Truth-Telling and Memory-Work in Montgomery’s Co-Constituted Landscapes

Authors

  • Anna Livia Brand University of California Berkeley
  • Joshua F. Inwood Pennsylvania State University
  • Derek Alderman University of Tennessee

Keywords:

Memory, race, lynching, memorials

Abstract

Drawing attention to the latent, hidden, and not fully reconciled historical landscape of trauma, we explore memory work in the contemporary US South, focusing on the ongoing cultural resurgence of Montgomery, Alabama. Self-branded and highlighted by the New York Times as the “Capital of Cool,” we suggest that Montgomery is an analytically valuable site to understand the complex and still under-analyzed intersection of race, memory, and place. Focusing on Montgomery expands our conceptualizations of memory work beyond the typical focus on activists and artists who push progressive narratives. Placing the National Memorial for Peace and Justice within a larger understanding of the city’s memorial landscapes, our paper argues that Montgomery’s conflicted landscape evokes new questions and tensions about memory, racism, and white supremacy and their broader spatial interlockings.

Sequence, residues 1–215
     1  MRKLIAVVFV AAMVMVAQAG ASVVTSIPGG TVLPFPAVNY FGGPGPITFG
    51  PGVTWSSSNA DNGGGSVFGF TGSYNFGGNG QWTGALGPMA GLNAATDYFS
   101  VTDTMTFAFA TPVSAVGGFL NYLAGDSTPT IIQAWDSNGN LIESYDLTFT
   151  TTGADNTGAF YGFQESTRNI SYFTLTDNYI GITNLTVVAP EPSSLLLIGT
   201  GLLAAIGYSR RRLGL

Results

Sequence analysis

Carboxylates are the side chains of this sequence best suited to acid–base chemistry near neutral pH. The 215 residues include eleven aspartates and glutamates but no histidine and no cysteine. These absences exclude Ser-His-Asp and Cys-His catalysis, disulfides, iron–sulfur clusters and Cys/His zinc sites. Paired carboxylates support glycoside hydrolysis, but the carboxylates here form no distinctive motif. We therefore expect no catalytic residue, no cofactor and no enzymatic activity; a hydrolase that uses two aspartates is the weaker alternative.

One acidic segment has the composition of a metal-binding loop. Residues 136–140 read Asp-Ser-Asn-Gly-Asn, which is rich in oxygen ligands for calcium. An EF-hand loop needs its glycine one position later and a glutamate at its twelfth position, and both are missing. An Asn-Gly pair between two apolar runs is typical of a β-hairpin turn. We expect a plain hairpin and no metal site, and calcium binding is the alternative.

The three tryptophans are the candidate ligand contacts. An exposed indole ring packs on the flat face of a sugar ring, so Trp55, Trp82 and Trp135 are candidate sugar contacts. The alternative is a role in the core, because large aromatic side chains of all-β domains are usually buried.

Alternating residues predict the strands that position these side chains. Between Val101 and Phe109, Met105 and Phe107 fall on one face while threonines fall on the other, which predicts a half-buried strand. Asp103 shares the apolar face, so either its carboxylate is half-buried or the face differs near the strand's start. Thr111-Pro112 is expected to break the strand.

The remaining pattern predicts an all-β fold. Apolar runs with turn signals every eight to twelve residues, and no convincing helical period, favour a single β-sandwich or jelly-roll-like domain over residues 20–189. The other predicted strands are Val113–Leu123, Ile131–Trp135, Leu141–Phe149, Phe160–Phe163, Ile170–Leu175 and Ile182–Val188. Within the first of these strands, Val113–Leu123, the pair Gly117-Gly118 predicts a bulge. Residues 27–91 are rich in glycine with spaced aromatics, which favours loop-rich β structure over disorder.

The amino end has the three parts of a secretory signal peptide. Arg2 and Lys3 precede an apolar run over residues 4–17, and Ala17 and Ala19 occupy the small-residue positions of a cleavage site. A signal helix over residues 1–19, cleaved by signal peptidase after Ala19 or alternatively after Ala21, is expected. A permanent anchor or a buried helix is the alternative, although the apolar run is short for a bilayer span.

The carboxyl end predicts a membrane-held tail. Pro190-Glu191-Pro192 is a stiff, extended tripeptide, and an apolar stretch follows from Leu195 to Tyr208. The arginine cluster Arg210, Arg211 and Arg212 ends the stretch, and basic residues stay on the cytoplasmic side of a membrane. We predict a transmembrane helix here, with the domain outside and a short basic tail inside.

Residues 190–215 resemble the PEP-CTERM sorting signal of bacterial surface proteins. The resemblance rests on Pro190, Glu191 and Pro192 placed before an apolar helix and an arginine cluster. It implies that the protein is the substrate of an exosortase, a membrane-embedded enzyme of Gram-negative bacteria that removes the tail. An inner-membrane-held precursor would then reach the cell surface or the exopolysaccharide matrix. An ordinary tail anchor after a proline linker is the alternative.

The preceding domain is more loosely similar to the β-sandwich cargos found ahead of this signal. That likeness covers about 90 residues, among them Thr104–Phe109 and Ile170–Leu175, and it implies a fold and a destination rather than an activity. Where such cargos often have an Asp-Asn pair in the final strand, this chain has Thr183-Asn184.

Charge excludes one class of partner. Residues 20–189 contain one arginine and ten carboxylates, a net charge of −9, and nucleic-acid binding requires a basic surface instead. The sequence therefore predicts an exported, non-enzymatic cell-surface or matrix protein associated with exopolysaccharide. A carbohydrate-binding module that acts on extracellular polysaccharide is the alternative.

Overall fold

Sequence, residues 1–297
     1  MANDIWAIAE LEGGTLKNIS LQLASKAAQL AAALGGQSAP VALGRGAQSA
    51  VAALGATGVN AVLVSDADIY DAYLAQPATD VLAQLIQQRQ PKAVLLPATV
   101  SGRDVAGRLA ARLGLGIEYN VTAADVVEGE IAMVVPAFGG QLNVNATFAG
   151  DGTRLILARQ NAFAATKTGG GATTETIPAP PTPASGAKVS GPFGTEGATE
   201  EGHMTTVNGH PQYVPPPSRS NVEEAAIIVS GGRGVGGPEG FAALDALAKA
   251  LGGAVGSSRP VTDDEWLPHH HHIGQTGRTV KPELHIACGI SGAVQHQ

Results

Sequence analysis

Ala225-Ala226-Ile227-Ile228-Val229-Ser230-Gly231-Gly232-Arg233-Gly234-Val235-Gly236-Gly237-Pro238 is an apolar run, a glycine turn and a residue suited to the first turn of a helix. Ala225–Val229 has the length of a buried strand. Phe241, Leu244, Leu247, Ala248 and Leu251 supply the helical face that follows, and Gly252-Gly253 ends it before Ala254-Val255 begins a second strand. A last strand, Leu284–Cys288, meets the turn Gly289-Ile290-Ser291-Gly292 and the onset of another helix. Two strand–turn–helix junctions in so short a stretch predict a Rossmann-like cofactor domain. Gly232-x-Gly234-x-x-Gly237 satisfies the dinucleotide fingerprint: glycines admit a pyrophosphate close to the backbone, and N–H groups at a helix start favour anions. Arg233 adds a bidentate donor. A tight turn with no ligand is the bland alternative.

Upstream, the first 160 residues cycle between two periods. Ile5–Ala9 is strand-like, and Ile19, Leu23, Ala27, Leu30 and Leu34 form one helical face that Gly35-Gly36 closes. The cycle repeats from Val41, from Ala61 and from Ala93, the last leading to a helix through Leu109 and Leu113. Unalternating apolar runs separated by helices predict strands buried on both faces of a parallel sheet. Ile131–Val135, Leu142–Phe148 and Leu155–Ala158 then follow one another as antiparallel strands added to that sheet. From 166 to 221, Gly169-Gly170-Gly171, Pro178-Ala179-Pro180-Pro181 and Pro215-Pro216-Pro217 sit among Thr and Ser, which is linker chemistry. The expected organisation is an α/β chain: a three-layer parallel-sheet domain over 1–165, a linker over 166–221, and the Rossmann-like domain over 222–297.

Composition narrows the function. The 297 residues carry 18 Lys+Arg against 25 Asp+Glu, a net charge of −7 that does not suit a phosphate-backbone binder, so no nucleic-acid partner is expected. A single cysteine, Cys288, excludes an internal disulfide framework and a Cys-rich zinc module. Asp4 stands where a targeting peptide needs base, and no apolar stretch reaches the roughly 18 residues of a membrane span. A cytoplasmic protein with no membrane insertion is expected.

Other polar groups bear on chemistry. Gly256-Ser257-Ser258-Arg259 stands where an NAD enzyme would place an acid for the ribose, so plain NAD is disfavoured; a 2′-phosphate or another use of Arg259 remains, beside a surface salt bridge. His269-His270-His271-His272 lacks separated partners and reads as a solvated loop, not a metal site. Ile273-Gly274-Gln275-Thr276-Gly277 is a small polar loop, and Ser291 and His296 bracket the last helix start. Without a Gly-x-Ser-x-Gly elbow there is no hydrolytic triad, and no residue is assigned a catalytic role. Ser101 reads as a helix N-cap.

Author Biographies

Anna Livia Brand, University of California Berkeley

Department of Landscape Architecture 

University of California Berkeley

Assistant Professor 

Derek Alderman, University of Tennessee

Department of Geography

Professor 

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Published

2022-05-17

How to Cite

Brand, A. L., Inwood, J. F., & Alderman, D. (2022). Truth-Telling and Memory-Work in Montgomery’s Co-Constituted Landscapes. ACME: An International Journal for Critical Geographies, 21(3). Retrieved from https://acme-journal.org/index.php/acme/article/view/1967

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